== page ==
The net earnings amounted to $1.28 per diluted common share for the three-month period ended Dec. 27, versus profits of $8.5 million or 33 cents per share in the same period a year ago.
The country's largest book, gift and specialty toy retailer says the profits were also helped by improved margins, lower operating costs and lower tax expenses.
Revenue for the period was up two per cent to $339.4 million versus $332.4 million a year ago. The gain came despite the company operating five fewer superstores and one less small format store that in the year-earlier quarter.
Indigo says sales from its Indigo and Chapter locations grew 5.5 per cent year over year, while sales its smaller Coles and Indigospirit stores were flat. Online sales grew 10.6 per cent.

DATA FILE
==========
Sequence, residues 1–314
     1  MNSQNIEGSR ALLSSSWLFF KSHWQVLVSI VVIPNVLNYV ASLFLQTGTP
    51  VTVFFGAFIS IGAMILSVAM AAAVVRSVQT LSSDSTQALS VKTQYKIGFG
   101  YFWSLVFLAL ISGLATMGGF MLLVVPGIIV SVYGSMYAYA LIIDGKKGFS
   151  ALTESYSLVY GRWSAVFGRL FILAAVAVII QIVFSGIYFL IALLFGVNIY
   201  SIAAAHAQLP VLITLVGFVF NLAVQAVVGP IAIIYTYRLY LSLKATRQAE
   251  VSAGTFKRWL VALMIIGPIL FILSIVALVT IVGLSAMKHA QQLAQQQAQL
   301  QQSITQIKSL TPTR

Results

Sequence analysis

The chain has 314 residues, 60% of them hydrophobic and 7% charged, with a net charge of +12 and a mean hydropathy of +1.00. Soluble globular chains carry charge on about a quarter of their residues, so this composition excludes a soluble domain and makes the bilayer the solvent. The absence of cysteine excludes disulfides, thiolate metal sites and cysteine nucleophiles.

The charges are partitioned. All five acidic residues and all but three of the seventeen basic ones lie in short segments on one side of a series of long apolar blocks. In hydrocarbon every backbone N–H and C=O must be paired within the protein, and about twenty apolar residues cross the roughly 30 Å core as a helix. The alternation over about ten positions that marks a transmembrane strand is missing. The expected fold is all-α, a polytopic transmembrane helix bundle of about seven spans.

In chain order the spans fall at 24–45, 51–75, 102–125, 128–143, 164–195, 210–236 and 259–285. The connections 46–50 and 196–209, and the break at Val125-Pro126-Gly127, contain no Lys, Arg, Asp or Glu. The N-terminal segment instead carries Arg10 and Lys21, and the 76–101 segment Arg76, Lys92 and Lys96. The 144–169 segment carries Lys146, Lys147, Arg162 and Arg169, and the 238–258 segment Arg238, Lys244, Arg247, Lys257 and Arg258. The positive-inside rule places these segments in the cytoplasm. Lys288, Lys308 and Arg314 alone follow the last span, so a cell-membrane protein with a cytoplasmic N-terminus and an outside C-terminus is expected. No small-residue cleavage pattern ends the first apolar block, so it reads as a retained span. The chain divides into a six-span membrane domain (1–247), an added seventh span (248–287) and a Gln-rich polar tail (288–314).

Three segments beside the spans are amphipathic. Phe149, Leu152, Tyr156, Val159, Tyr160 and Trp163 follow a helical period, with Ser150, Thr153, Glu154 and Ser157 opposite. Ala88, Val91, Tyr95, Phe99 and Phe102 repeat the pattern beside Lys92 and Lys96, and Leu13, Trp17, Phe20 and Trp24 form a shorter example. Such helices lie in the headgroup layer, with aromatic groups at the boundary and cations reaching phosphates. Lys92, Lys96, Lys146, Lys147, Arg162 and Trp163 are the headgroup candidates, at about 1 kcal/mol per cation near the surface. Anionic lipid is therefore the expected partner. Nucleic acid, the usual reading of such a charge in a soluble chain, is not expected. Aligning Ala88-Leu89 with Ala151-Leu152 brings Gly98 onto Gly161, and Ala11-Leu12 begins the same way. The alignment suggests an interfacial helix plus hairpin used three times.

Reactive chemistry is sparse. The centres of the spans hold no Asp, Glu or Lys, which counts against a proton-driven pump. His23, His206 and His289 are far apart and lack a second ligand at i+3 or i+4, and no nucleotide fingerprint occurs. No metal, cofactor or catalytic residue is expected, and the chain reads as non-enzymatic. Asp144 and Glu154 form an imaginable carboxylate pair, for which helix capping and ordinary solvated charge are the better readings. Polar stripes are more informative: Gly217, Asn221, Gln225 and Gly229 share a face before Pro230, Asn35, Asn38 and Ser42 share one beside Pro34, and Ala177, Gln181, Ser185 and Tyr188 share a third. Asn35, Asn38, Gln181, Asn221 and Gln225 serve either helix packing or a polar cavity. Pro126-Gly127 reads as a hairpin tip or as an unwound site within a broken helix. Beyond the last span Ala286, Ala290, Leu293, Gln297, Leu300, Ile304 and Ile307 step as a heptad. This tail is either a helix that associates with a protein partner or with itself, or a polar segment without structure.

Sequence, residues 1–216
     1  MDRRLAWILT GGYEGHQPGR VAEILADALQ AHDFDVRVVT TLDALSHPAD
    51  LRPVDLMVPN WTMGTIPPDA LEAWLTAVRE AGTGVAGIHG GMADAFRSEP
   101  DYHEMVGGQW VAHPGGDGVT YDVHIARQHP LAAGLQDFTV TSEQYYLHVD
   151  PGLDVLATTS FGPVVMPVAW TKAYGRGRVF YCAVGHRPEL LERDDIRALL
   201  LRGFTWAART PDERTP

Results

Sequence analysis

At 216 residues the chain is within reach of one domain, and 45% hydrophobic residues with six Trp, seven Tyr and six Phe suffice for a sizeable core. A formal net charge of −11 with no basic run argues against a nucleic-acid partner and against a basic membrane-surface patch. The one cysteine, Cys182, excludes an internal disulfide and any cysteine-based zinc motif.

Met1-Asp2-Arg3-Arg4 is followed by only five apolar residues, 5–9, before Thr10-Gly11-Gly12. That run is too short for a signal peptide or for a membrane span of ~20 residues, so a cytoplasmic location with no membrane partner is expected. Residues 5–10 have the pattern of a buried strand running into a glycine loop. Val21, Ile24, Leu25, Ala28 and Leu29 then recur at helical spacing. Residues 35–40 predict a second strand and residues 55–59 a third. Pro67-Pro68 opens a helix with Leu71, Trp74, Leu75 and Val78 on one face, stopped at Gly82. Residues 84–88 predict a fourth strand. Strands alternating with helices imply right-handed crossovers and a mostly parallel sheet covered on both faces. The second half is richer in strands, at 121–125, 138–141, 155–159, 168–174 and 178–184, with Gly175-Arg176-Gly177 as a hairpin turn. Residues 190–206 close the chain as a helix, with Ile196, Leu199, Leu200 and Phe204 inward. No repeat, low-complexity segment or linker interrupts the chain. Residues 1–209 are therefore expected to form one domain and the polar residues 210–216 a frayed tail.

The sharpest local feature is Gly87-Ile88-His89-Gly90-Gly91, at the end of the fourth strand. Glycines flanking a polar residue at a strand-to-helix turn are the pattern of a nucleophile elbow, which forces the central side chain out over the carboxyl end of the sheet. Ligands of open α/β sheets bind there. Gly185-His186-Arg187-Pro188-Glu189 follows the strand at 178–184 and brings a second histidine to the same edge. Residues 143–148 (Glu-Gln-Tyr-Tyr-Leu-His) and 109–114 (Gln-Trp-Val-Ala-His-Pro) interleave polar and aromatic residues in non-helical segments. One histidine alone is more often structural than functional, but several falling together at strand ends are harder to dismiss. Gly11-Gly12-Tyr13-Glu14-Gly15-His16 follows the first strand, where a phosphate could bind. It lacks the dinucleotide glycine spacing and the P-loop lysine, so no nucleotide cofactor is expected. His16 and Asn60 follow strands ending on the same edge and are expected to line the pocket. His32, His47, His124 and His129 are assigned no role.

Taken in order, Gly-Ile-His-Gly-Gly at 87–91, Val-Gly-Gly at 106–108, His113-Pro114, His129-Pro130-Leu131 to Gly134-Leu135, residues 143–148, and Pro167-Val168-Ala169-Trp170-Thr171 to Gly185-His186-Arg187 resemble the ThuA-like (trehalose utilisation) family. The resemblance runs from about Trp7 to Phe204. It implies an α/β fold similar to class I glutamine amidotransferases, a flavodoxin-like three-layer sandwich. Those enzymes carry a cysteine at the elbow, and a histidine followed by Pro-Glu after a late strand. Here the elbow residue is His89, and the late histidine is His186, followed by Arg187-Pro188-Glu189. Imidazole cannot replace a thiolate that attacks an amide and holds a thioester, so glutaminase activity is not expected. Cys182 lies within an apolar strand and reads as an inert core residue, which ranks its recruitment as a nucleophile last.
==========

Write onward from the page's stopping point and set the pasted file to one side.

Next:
"We are pleased with these results which show both top line growth and improvements in profitability," chief executive Heather Reisman said in a statement.
"We're confident these results demonstrate customer affection for our brand. Our entire team is focused on continuing to position this vibrant Canadian business for long-term growth and success."
Indigo is nearing the end of its five-year transformation from mainly a bookseller to a retailer that offers a variety of gift and toy products.
Indigo first began making changes to its business model in 2010 as the popularity of ebooks and e-readers, like Kodbo and Amazon's Kindle, grew. Since then, the bookseller has been dealing with intense competition for book sales from the likes of Walmart and online giant Amazon.
Indigo operates 91 large format super stores and 130 small format locations under various banners such as Chapters and Indigo, Coles, Indigospirit, SmithBooks and The Book Company.